About the design
Ori Abramson, Museum and Exhibition Designer
THE VOICES, THE PLACES, THE NAMES
We took upon ourselves the impossible – to create a monument ot the inconceivable – to tesify to the murder of a child who died for being Jewish. We created a memorial to enable those who survived to speak form the abyss and to hallow the memory of the million and a half children annihilated in the Holocaust.
Every child is a world – the whol world. Every child is me. And you. And her. And him.
We looked for testimonies of children who survived and grew-up, unlocking a window to the storm imprisoned inside them which had begun during those impossible inconceivable days and which had become inseparable from their being.
We followed the trail of survivors whose beloved were murdered or lost destinies unknown, and because of whom the survivors cannot find peace.
In our quest, we struggled to understand, perceive, and recreate the voices, memories, sensations, and feelings. Those worlds whose voices had died, surged again from the words, diaries and memories.
There are the voices of children like us, like ours – each child in one voice. They are you. And me. And him. And her.
We designed Yad Layeled as a building and exhibition disconnected from time and place, a building and exhibition which are the life and hardships of one child. And another. And another.
We created a remembrance of the unthinkable, unions of shapes and voices that join place and time – testimony to destruction and to the voice of the child – the feelings, sensations, thoughts.
We erected stations – depictions of the persecution; of the restrictions and the outbreak of war; of the attempts to escape; of the deportation to the ghettos; of the mass killing; of the transfers to the death camps; of the “selections”. All these are presented – some in symbolic design, some real. But all are depicted in the environment where they happened and where the children lived.
We move testimonies into a continuous story, presenting the soul of a child through children’s voices – cries, feelings, and memories.
We lit an eternal flame to remember one child who died. And another. And another. And with them stand those who were rescued and survived and who are the revival – the hope.
We inscribed the names of children on a wall washed with daylight, the sunlight of here and of now.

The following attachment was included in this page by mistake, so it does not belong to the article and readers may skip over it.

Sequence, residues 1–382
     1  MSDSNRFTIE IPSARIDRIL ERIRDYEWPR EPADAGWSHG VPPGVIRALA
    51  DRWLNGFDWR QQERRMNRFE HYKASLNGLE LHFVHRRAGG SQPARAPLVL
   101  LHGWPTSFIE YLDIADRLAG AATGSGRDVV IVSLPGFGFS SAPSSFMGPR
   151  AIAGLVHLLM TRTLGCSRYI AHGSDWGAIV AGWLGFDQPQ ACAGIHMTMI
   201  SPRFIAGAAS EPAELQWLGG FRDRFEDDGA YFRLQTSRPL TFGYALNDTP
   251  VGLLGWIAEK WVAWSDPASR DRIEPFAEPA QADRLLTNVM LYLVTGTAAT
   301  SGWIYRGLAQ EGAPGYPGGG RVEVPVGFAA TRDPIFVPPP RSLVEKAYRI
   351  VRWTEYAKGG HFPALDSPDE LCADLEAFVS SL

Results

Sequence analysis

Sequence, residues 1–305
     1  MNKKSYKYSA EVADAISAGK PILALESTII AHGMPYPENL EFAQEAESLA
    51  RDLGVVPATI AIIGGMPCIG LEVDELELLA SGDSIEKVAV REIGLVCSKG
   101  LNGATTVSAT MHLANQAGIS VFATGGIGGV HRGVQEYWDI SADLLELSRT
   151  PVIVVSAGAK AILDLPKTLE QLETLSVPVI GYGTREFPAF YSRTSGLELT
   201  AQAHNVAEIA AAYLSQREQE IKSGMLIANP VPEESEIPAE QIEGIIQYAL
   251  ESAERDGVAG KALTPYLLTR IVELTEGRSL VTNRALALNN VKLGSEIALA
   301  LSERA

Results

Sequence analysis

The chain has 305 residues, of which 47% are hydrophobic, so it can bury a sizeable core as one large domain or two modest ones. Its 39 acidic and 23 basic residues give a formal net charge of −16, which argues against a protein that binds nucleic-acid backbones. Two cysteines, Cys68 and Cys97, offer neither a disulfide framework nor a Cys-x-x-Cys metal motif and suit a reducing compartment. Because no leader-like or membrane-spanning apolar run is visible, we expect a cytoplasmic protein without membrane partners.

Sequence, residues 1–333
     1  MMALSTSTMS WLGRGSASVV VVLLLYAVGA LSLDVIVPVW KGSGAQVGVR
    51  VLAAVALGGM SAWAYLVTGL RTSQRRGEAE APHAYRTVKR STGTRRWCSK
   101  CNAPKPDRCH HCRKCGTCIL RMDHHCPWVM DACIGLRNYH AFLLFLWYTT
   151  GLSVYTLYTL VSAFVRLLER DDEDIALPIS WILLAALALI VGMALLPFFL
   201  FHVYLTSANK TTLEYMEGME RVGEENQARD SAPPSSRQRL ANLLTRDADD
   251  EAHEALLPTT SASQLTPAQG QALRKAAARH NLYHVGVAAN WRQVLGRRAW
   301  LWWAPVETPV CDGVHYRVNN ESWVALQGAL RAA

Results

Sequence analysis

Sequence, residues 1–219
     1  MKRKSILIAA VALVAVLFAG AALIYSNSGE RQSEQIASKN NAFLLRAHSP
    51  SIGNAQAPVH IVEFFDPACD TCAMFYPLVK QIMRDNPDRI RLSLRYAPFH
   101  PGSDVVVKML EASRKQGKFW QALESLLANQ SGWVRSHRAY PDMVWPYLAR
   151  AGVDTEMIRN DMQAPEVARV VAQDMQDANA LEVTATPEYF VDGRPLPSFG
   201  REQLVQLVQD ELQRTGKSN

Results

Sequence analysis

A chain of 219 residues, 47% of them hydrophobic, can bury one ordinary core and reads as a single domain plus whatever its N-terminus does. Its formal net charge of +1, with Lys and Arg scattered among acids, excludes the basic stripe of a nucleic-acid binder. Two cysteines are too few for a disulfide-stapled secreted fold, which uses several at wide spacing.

The voices, the places, the names – those together are a monument and a testimony. These together become the command to “remember until the tenth generation.”
You, moving within the walls of the museum – into the voices, the places, the names – will unite these three into the story of one child, into the story of one million and a half children.
Children who were and are gone.
Each child – a world of his or her own;
Each child – the entire world;
Each child is him. And her. And you.
Ronit Lombrozo, Exhibition Designer
“I remained alone in the room…all was quiet outside byt for the sound of hobnailed boots…I was in Warsaw, inside the ghetto, behind walls, surrounded by an armed cordon of men who did not hesitate to kill children…The fear of that future kept me awake at night and filled my waking hours with nightmares. Yet I could not talk about them. The hope that we should all be spared, that at worse I alone would survive, had become a necessary illusion…I pressed my face to the cold glass and wished myself inside. I had read Alice Through the Looking Glass. If she could do it…of course it was a story. At twelve, one did not believe in fairy-tales, but what if there really was a way of doing it? If there existed some magic, undiscovered way, might it not be revealed to me now, when I needed it so desperately? Were there really no miracles, no escape from the present?” (from A Square Sky, a Touch of Earth by Janina David)
Janina David wrote these words alone in a Ghetto attic, as heavy footsteps approached the door. From this true story, beyond any imagination, more terrible and full of agony than any nightmare, there was no escape. Even the few that survived carry their story engraved in their flesh, like a deep and hidden wound.
The exhibition is an attempt to visualize that which was and cannot be verbalized, that which was and cannot be grasped.
The constant threat, the everlasting hunger, the heart rending separations and the gnawing longing for the life that was, is told through the faint voice of the children.
The exhibition presents the single woice, the tangible, instead of all the voices, the single image instead of all the images, an excerpt instead of an entire story. The implicit instead of the explicit.
Let us remember